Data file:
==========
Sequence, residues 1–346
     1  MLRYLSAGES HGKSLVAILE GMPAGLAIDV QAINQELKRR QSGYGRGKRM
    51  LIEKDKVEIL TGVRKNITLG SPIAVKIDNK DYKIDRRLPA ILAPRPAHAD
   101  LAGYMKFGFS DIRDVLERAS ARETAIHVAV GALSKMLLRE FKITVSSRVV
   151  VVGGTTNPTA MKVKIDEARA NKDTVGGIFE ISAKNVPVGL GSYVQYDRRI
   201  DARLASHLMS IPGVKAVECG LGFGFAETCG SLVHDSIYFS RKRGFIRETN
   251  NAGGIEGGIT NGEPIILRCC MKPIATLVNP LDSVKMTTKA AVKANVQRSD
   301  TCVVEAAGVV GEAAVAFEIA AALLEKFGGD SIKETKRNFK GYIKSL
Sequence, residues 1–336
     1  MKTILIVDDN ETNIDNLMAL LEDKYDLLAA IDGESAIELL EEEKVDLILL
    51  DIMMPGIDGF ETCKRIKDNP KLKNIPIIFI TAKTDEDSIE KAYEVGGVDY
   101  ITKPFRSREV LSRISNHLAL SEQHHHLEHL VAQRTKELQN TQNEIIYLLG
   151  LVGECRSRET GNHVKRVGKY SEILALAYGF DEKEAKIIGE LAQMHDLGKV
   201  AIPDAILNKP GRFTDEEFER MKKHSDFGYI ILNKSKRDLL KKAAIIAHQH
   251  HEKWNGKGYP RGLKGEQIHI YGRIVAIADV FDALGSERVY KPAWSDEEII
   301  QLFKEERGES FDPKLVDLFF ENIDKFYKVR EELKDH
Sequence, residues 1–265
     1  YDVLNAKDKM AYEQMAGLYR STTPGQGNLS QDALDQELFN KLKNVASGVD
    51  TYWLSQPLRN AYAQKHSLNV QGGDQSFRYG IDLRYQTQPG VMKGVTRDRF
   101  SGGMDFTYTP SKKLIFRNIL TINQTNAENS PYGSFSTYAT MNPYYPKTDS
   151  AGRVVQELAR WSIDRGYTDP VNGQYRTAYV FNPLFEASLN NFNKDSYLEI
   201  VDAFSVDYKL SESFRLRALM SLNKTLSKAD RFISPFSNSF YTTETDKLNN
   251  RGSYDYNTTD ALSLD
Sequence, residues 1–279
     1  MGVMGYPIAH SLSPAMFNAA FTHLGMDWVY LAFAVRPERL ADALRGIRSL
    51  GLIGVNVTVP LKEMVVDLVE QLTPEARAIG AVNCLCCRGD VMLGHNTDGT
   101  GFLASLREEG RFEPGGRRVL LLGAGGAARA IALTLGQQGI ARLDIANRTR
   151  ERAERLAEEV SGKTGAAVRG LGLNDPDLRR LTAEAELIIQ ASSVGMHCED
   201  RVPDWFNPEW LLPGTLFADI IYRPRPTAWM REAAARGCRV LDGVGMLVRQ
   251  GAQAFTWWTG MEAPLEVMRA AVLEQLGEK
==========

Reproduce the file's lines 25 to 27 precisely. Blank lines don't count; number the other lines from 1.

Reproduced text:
     1  MGVMGYPIAH SLSPAMFNAA FTHLGMDWVY LAFAVRPERL ADALRGIRSL
    51  GLIGVNVTVP LKEMVVDLVE QLTPEARAIG AVNCLCCRGD VMLGHNTDGT
   101  GFLASLREEG RFEPGGRRVL LLGAGGAARA IALTLGQQGI ARLDIANRTR